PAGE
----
St Margaret’s History

St Margaret’s: A brief history


Ridge Parish was formed in the late 13th century of lands belonging mainly to St. Albans Abbey. Until 1870, the parish remained in the Liberty of St Albans. From 1870 it has formed part of Hertfordshire. Up to 1956, the parish included a detached area between Borehamwood and Shenley; this may be what the Doomsday Book of 1086 refers to as ‘the Abbotts land at Shenlai’. The parish consists of approximately 3000 acres of Green Belt land; in 1981 the population was still only 300. The parish is over six miles long, running from Galley Lane, Arkley, to Colney Heath.



The chancel dates from the 14th century, and probably formed a tiny church on its own. The Roman road from London to St Albans passed nearby, and the church may have been intended as a landmark for those entering the domain of the Abbot. The nave and tower were added in the 15th century. The church was extensively decorated with wall paintings, of which one complete example survives. This is of St. Christopher carrying our Lord across a river dates from the 15th century, probably by the same hand as the wall paintings of this date in St Albans Abbey. It was restored by Professor Tristram in 1937, and has since received further treatment. A detailed description can be seen on the adjacent window cill.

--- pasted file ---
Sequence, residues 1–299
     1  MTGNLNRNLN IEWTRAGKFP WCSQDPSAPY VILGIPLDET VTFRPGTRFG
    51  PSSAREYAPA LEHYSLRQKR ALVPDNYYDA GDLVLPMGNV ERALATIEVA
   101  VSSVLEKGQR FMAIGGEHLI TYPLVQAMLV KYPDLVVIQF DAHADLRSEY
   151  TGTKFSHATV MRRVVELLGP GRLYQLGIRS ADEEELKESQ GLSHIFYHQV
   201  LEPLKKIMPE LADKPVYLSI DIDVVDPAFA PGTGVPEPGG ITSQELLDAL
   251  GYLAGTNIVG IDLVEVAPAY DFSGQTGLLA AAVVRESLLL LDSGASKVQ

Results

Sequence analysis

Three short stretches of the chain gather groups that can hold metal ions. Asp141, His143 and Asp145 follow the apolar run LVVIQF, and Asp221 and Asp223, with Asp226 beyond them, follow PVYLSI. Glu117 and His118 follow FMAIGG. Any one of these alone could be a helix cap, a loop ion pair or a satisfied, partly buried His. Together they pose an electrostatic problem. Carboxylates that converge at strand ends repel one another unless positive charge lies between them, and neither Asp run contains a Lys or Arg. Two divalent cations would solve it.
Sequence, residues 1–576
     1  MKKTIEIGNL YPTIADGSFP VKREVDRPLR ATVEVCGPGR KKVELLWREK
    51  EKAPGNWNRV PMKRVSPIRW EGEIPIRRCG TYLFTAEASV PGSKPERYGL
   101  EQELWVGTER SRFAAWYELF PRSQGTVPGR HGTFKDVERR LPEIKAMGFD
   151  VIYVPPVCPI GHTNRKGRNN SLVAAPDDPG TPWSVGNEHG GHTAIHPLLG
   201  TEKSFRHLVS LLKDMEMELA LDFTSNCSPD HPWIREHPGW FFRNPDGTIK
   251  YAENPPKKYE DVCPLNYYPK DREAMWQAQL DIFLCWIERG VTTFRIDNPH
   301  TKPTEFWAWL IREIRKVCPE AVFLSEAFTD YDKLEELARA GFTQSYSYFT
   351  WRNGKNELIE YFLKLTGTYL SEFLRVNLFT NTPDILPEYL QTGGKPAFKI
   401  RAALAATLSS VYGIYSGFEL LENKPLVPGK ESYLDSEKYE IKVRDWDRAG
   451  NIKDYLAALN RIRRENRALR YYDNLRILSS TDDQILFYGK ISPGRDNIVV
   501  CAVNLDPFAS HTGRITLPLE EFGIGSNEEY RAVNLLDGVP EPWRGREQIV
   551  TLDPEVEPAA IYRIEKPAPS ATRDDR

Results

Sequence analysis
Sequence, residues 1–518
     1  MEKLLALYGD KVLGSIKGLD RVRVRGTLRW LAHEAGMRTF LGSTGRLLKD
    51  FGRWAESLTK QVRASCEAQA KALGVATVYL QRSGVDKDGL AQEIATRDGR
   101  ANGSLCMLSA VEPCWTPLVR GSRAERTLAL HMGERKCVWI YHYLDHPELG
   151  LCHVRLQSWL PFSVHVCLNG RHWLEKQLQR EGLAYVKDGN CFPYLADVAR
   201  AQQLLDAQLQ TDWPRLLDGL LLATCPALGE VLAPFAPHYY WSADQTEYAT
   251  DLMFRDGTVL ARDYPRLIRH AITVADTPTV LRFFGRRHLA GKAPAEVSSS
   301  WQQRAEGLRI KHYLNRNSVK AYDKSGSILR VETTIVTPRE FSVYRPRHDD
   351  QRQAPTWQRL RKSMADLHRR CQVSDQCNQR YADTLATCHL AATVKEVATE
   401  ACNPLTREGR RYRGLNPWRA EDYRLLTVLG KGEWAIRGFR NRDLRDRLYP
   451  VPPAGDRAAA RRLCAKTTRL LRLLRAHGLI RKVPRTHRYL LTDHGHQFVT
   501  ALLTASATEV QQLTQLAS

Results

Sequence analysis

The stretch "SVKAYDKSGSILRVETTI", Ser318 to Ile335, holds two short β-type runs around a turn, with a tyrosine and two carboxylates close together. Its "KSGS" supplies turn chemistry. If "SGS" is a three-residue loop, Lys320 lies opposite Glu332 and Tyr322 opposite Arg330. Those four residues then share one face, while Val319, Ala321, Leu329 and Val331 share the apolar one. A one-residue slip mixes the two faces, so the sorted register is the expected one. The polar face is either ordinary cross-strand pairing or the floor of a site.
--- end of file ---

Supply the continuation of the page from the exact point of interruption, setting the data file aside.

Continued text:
In 1740-46 major repairs were carried out and the church furnished with box pews and a three-decker pulpit. In 1810, a gallery was placed at the west end and dormer windows inserted into the roof. The church was again restored in 1881, when ceilings, gallery and dormer windows were removed, the porch rebuilt, and a new arch cut between nave and chancel, destroying most of a medieval doom-painting which survived under the whitewash. Since 1945, further repairs have been carried out, including the re-flooring and re-furnishing of the chancel. The roof was renewed in 1976, and the stonework of the tower repointed and partially replaced in the 1980s. Before applying new limewash in 1989, examination of the remaining fragments of medieval wall-painting was carried out, but nothing was found extensive enough to warrant restoration.